Sometimes fact is stranger than fiction.
For nineteen year old George L. (Name changed for privacy), this is certainly the case.
His encounter with the supernatural continues to baffle experts in the field.
Updated 2/11/2020 – “I think it was about a year ago when my cousins moved to Marshall, Texas,” he informed me.
“I was bummed at first, because I had grown up with them living down the street in Dallas.
But it was pretty exciting to have a new town, and a bunch of new ladies, to meet and explore,” he said, unable to suppress a grin.
An Unknown Illness
“I had gotten really sick earlier that year.
I had had…hmm, maybe seven consultations with five different doctors, but nobody could figure out what was going on with my body.
I was desperate for help so even considered going to psychic healers and spiritualists.
So when my mom suggested we spend a long weekend with my cousins to bring back some life-balance, I was all for it.
“Not long after we arrived at their house, my cousins took me to the back porch for a cigarette and told me about the legend of the voodoo priestess who haunts a nearby road.
They didn’t believe the stories, of course.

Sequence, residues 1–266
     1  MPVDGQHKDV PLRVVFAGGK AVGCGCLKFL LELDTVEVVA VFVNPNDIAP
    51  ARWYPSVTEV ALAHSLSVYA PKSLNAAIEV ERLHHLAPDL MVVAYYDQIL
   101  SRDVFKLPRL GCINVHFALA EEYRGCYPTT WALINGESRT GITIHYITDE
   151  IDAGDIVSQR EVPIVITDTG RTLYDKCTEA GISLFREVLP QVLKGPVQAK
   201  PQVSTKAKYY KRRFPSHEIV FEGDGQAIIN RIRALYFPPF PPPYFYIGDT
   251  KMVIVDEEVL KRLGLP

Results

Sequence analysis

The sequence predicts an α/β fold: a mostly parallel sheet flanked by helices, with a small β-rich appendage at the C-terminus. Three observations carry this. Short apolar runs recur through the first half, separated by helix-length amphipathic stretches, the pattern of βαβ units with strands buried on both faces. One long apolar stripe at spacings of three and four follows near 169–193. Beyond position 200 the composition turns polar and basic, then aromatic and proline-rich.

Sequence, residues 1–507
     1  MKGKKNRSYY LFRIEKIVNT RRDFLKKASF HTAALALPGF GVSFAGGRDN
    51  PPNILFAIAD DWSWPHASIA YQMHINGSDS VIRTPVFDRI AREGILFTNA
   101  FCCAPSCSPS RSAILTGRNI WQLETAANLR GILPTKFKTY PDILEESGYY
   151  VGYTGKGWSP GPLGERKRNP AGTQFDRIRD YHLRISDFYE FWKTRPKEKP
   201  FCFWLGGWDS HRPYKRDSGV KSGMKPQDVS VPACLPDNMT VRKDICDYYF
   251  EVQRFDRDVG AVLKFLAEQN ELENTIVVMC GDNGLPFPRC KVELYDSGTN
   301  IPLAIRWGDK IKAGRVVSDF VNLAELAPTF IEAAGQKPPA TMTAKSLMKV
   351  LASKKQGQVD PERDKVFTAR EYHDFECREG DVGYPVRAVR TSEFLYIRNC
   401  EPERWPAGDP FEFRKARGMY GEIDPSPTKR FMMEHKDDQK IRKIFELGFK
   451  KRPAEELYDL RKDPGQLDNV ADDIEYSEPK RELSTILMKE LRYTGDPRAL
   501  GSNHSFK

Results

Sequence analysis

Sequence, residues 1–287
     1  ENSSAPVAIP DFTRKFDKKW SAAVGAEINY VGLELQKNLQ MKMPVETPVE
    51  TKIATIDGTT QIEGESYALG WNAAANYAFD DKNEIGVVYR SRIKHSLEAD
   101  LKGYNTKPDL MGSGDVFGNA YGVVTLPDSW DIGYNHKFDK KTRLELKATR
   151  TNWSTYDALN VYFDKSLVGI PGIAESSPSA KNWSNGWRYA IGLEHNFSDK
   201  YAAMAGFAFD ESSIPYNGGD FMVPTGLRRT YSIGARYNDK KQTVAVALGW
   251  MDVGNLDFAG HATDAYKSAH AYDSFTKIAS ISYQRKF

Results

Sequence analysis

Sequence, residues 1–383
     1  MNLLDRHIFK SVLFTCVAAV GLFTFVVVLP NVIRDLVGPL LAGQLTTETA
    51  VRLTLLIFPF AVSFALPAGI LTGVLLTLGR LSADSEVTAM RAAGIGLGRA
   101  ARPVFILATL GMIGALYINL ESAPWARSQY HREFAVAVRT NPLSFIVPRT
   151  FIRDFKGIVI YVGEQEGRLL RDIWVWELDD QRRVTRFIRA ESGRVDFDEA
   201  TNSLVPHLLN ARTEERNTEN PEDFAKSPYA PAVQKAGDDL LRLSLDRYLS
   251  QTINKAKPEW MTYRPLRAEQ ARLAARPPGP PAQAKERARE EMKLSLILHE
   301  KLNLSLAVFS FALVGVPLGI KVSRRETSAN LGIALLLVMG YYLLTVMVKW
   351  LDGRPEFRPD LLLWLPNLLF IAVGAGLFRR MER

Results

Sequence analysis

But they knew some younger kids who did and thought it would be fun to scare passerby who traveled down the road that night.
“Needing to blow off some steam, I agreed to go,” George said, with a casual flick of his shoulders.
“So we drove to Stagecoach Road, and parked the car behind a stand of trees.
We started to run in the opposite direction, wanting to put some distance between us and the car.
“It was late, and as I ran I realized that I had outdistanced my cousins despite my unknown illness.
I was about to loop around and find them when suddenly a woman appeared from behind a tree.
She was African American like me, but she had this strange glow about her that seemed otherworldly.
Voodoo in Marshall, Texas
“I remember crying out when I saw this grotesque looking miniature head tied to her belt on a rope,” George said with a shudder.
“She began to wave her hand at me and chant under her breath.
I wanted to run, but I felt glued to the stop, like she had put some kind of enchantment on my feet.
“I began to cry and I threw my hands up to shield myself from her terrifying gaze.
I thought if I closed my eyes, she wouldn’t be able to curse me,” he murmured quietly.
“The next thing I know, I’m on the ground, and my cousins are shaking me awake.
“They told me that they saw me trip over a tree root and hit my head against a rock.
I must have passed out from the impact.
I was so relieved that my encounter with the voodoo priestess had only been a dream.
“But then…,” George sighed.
“When I returned to Dallas, I went to see my doctors and they gave me a clean bill of health.
They told me that some miracle had happened.
“But I think that whatever the priestess had done to me in Marshall is what really cured me of my illness.”